Thursday, May 21, 2015

US oil production decline much less than feared

As the latest visit to Houston, Texas nears its conclusion, the Oilholic walked wistfully past a petrol station in the Lone Star state. What European motorists wouldn’t give for US$2.49 (£1.61) per US gallon (3.79 litres) to fill up their cars. That was the price was this morning (see left)!

Ditching wistfulness and moving on to price of the crude stuff, the latest energy outlook report from the US Energy Information Administration (EIA) sees Brent averaging $61 per barrel in 2015, with WTI averaging around $55. The EIA also expects a decline in crude oil production stateside from June onwards through to September.

However, there is little anecdotal evidence here on the ground in Houston to suggest the Eagle Ford is slowing down if activity elsewhere is. Furthermore, feedback from selected attendees at two events here – Baker & McKenzie’s 2015 Oil & Gas Institute 2015 and the Mergermarket Energy Forum – alongside most experts this blogger has spoken to since arrival, point to the said production decline being much less than feared.

On average, most opined that we’d be looking at a decline of between 35,000 to 45,000 barrels per day (bpd) this year. It would imply that US production would still stay within a very respectable 9.1 to 9.3 million bpd range with much of the drop coming from North Dakota. As if with eerie timing, American Eagle’s filing for Chapter 11 bankruptcy protection, following its inability to service debt on plays in North Dakota (and Montana), provided a near instant case in point.

Overall picture is less clear for 2016. If the oil price stays where it is, we could see a US production decline in the region of 60,000 to 100,000 bpd. EIA has estimated the decline might well be towards the upper end of the range.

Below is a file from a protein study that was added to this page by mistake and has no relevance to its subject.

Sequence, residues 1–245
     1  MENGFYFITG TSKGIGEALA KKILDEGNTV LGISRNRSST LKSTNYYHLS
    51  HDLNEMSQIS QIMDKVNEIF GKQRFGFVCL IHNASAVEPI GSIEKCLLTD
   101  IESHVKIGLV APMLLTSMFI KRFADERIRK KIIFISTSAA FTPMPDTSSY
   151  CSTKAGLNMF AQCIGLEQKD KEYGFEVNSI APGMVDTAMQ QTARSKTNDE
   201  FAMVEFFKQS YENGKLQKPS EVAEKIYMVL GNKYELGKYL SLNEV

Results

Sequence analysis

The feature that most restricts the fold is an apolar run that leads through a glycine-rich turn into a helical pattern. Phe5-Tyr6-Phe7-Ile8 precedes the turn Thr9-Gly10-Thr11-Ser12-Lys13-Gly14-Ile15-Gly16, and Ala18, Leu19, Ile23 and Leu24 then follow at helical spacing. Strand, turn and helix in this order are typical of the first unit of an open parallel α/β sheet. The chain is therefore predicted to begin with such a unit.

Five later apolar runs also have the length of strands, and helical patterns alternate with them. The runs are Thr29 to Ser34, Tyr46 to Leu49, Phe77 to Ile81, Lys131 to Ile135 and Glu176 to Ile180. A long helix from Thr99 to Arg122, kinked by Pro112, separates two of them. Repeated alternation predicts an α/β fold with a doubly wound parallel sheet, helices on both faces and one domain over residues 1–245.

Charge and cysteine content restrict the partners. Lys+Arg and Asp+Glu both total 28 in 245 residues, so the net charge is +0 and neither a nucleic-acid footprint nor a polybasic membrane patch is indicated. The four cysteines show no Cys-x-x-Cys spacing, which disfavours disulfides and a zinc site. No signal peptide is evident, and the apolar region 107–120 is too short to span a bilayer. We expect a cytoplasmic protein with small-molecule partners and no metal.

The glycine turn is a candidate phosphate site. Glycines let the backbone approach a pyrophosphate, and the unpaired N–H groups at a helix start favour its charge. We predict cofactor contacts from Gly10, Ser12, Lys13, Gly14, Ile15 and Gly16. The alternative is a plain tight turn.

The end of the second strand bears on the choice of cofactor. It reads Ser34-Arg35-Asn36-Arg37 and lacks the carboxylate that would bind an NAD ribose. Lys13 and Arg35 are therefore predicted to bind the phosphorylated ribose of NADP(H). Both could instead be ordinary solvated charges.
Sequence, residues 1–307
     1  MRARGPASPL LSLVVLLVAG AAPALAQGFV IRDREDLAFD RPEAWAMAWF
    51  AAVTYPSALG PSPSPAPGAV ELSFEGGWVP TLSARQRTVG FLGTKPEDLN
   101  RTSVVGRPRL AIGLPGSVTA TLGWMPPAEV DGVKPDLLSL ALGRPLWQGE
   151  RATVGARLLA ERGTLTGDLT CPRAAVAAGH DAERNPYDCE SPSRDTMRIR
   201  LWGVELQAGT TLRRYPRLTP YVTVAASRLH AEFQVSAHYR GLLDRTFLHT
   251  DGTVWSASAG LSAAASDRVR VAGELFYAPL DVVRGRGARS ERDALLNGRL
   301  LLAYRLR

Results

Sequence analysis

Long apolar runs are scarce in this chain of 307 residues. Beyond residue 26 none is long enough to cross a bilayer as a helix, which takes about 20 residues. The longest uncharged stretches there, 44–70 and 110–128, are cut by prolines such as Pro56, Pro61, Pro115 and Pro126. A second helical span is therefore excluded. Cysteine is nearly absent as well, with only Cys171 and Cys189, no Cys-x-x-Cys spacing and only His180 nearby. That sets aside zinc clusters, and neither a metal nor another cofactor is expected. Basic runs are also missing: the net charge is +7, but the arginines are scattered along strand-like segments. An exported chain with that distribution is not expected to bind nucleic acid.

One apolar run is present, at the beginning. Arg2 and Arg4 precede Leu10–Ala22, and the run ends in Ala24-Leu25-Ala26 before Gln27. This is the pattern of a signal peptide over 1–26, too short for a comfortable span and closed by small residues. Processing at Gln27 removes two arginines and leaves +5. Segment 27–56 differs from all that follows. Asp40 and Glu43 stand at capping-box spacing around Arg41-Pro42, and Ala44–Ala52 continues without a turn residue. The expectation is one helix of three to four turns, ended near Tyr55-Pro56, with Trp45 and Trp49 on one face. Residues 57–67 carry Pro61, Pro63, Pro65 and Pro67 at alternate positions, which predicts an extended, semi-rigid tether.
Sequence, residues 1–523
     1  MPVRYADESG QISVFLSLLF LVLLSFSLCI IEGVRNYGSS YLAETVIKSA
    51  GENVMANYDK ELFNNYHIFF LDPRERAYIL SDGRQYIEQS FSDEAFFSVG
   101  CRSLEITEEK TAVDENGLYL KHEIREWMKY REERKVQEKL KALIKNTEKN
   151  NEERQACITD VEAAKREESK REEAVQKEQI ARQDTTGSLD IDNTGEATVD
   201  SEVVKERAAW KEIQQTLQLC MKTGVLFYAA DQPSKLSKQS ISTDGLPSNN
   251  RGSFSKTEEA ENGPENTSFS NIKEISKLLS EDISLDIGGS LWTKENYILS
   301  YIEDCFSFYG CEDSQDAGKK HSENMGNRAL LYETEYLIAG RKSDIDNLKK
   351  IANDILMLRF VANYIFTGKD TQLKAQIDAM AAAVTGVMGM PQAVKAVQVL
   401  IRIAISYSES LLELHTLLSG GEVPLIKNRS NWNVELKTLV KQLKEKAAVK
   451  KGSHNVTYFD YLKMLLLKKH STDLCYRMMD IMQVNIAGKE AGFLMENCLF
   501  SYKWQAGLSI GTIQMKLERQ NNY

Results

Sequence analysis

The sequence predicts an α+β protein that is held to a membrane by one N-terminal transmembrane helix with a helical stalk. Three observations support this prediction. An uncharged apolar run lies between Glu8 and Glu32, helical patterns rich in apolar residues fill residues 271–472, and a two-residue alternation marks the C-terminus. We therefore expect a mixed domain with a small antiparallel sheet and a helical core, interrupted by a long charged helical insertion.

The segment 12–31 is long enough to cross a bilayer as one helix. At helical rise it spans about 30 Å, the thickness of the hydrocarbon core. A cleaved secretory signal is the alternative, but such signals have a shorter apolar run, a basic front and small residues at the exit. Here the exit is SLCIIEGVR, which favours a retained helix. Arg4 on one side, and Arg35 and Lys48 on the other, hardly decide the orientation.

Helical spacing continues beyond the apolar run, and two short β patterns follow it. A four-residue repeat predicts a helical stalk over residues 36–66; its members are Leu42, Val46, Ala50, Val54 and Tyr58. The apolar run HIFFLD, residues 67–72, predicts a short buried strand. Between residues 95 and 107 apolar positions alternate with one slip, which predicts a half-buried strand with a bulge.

It comes after analysts at Goldman Sachs labelled the recent oil prices “rally” as being a bit ahead of itself. Or to quote their May 11 email to clients in verbatim: “While low prices precipitated the market rebalancing, we view the recent rally as premature.

“The oil market focus has dramatically shifted over the past month, from fearing a breach of US crude oil storage capacity to reflecting a well under way oil market rebalancing. We view this shift in sentiment and positioning as excessive relative to still weak fundamentals.”

The Oilholic has repeatedly said over the past six weeks that both benchmarks are likely to stay within the $50-75 barrel range, as the decline in the number of operational oil rigs stateside was not high enough (yet) to trigger persistently lower US production. EIA data and feedback here in Houston supports such conjecture.

Meanwhile, the front page of the Financial Times loudly, but bleakly, declared on Tuesday that “more than $100 billion of projects” were on ice with Canada hit the hardest. According to the newspaper’s research, Shell, BP, Statoil and ConocoPhillips have all led moves to curtail capital spending on 26 major projects in 13 countries.